So what do we do? Flights between the United States and South Africa are very expensive so do not want to return to South Africa only to have to return soon to the United States. An active brain cancer diagnosis is not one where one would expect lots of time. And yet, my mom has proven doctors wrong time and time again.

We don’t know how this will all work. We did decide to enroll the kids in school here inthe United States so that they get some structure and stimulation. They begin tomorrow. Jon continues his Luther Seminary classes. I spend a lot of time with my mom and keep up the essentials of my job that I can do remotely. Other than that, we take it day by day. I guess that’s all we can do.

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After flying in some really large planes, the plane for the flight from Chicago to Fargo stood out as being pretty small.

 

“Big Questions”

During the Close of Service retreat with the YAGM (Young Adults in Global Mission participants) in July, we did an exercise I call “Big Questions.” I suggest that their YAGM year has churned up all kinds of questions for them. Some are new questions. Some were maybe there before but have now gotten more intense or are now more real.

For the exercise, I have them write these big life or theology question on post-it notes. They can write on as many post-it notes as they want as long as they just do one question per page. Then, they take turns reading their questions and posting them on the wall (or this year, on the big window in our living room). We talk about the questions. And in there, my point is that these are indeed big questions. They aren’t going to get resolved today. The questions are so big that the young adults might spend their whole lives in search of answers.

Our world often speaks differently. It will tell us that questions have answers that can be found quickly if you just look. Sometimes the world will tell us that there is something wrong with us if we haven’t found an answer when we have looked. But some questions can’t be answered in a small box. Many of these questions come from a longing for justice and peace and everything being right with the world. These young adults have spent a year deepening their understandings of marginalization. They have kept company with people that the world has kept on the edges. They know what these questions taste like, feel like, sound like. They understand the ache of injustice. And they know a God of deep love and compassion. And they are trying to figure out how all this goes together and how they can be a part of it.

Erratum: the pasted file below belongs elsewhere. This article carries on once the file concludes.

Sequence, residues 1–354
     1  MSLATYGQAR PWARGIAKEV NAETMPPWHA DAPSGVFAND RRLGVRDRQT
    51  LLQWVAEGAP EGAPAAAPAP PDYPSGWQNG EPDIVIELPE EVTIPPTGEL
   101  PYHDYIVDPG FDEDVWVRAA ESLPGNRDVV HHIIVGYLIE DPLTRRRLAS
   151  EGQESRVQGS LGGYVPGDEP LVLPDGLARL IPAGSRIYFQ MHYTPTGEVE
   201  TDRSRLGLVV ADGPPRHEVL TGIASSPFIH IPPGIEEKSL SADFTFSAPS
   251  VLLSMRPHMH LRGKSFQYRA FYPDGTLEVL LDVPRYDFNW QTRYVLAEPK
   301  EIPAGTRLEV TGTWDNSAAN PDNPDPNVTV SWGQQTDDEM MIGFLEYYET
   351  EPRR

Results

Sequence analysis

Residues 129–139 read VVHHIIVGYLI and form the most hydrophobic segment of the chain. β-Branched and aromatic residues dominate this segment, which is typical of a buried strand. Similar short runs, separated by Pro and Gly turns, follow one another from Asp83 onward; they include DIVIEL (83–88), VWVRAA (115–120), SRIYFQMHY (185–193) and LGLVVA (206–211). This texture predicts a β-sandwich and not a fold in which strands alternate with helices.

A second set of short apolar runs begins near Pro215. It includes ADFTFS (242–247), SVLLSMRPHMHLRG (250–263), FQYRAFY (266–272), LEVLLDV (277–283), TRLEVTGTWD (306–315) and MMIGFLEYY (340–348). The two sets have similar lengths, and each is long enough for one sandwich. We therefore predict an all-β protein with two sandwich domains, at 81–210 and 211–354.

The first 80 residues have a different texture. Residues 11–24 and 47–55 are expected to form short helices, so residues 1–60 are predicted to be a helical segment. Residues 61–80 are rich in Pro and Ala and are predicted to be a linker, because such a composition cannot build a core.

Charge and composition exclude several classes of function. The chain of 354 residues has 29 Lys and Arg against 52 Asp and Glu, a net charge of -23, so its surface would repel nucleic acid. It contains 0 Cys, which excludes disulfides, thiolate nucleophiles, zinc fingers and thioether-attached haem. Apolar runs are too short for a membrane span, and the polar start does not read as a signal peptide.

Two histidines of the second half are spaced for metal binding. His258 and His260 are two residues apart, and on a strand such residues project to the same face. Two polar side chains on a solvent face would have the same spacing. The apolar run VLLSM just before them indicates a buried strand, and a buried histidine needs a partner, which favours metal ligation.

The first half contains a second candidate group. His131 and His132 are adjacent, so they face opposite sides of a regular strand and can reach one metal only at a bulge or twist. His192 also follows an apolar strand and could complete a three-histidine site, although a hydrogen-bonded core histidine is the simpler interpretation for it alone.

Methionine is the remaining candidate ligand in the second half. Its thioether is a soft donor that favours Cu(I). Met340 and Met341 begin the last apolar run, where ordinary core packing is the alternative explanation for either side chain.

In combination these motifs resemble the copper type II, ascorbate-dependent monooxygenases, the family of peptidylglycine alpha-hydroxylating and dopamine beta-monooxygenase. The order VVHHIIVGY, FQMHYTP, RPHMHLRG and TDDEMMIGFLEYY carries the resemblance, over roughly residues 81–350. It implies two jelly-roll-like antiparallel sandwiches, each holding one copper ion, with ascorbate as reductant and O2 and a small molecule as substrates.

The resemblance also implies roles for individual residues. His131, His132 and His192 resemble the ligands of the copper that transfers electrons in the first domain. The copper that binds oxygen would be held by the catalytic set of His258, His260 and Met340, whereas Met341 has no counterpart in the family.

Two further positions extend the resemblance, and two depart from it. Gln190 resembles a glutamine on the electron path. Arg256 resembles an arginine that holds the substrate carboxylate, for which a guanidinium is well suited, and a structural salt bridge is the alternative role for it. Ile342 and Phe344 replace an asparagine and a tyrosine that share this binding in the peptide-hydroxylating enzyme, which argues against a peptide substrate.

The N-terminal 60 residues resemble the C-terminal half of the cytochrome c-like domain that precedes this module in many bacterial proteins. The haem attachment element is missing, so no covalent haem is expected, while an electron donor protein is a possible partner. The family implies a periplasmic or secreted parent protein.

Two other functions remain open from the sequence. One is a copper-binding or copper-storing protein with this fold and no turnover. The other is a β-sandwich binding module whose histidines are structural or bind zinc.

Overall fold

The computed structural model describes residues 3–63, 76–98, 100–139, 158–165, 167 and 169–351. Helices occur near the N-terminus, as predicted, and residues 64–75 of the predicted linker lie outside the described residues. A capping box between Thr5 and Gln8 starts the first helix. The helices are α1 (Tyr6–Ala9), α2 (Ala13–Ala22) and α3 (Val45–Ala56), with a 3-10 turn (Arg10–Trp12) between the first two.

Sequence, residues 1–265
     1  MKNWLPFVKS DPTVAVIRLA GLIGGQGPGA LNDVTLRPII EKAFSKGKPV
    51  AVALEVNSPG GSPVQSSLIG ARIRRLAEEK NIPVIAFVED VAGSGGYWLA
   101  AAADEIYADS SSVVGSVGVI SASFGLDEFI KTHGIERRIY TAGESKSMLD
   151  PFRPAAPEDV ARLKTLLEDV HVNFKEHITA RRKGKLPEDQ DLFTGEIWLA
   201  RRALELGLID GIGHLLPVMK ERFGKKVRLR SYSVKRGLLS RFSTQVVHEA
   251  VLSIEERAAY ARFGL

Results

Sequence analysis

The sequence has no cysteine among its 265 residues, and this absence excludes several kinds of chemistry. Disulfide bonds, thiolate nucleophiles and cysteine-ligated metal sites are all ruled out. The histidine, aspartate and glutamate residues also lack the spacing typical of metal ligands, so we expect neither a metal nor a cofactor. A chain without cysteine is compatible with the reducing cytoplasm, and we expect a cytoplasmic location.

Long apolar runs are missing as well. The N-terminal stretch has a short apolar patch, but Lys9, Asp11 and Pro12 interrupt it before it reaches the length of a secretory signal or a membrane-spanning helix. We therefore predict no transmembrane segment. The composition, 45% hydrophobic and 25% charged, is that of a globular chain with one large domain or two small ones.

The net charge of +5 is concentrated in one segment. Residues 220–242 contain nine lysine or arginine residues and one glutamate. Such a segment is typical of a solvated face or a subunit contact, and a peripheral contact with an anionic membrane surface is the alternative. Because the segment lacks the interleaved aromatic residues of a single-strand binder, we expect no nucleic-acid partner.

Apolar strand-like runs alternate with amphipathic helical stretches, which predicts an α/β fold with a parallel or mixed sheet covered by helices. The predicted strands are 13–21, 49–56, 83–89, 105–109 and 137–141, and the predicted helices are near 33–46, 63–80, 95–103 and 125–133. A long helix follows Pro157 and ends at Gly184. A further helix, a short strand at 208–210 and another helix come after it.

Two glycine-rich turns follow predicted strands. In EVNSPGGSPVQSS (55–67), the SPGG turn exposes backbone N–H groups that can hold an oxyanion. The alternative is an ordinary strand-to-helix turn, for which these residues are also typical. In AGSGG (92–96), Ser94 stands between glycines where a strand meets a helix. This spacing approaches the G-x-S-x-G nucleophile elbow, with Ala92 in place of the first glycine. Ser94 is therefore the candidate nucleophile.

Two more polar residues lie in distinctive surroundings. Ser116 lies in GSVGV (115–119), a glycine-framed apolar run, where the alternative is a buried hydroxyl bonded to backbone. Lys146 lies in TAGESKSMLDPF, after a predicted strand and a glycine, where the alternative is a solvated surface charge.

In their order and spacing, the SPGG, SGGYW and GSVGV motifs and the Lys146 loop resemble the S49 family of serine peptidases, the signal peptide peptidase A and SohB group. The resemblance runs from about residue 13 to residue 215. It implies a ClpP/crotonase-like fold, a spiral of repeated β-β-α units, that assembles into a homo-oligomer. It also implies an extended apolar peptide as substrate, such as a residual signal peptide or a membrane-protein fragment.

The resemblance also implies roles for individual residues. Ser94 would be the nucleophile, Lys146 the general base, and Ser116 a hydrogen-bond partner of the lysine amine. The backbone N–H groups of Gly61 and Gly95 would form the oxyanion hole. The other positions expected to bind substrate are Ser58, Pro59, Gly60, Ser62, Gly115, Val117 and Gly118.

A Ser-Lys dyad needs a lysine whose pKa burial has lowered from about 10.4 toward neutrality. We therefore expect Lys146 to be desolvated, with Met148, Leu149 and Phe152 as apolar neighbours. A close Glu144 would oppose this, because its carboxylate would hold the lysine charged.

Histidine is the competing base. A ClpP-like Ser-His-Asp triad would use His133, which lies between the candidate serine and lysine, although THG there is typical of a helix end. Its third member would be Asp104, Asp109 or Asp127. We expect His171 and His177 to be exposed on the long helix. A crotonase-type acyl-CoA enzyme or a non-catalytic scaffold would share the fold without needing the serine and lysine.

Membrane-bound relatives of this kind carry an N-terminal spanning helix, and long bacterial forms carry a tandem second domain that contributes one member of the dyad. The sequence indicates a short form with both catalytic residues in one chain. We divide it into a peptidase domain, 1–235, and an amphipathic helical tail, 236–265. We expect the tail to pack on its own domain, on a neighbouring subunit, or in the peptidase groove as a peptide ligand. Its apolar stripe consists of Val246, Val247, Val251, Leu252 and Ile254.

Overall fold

So what are young adults today asking? They are asking hard-hitting justice questions. What does it mean to believe? Why isn’t there justice? Why is there hunger? What am I to do about injustice? Where is God in all of this?

A year in YAGM in Southern Africa gives their questions new thrust and urgency. And now, these young people are back in the United States. Asking the same questions. And new questions. Are they in your midst? If they are, ask them about their questions. They are good ones. Maybe you are someone with these questions. I think we need to start asking them together. We need to get agitated that the questions are so big and so important. And maybe in asking them together, we might begin to see anew.

"Big Questions"

“Big Questions”

The New YAGM

The new YAGM are here! More things to share. But for now, take delight in who they are. And, please pray for them as they settle in their new communities.

John, Adwoa, Dave, Caity, Brett, Brittani, Emmeline, Mae Helen, Hannah

John, Adwoa, Dave, Caity, Brett, Brittani, Emmeline, Mae Helen, Hannah

Home

Hello happy followers. Just wanted to let you know that we are home. The last travel day had some delays. But even though we didn’t get home on schedule, we got home. The kids are elated and the parents are tired. And we’re all cold. It’s winter here. We weren’t quite ready for that weather adjustment.

We’ll post more as soon as we are able. In the mean time, please keep the young adults in service in Southern Africa in your prayers. They will be leaving their sites soon and coming to Pietermaritzburg for a closing retreat and the beginnings of their journeys back to the U.S. These are some days of really tough good-byes for them.

Thank you to everyone for your love and prayers during this journey!

One More Week….

How did this happen? We only have one more week in the USA. We have so many things to share with all of you from our time in the U.S., the church visits, family and friend gatherings, etc. We hope to have a moment soon to share some more highlights with you. But for now, know that we are enjoying a week by a Minnesota lake, hanging out with my (Tessa’s) family. We are trying to soak in as much last goodness as we can. Hope you all are doing well as well. Please keep us in your prayers as we begin flying on the 7th of July, landing on the 9th.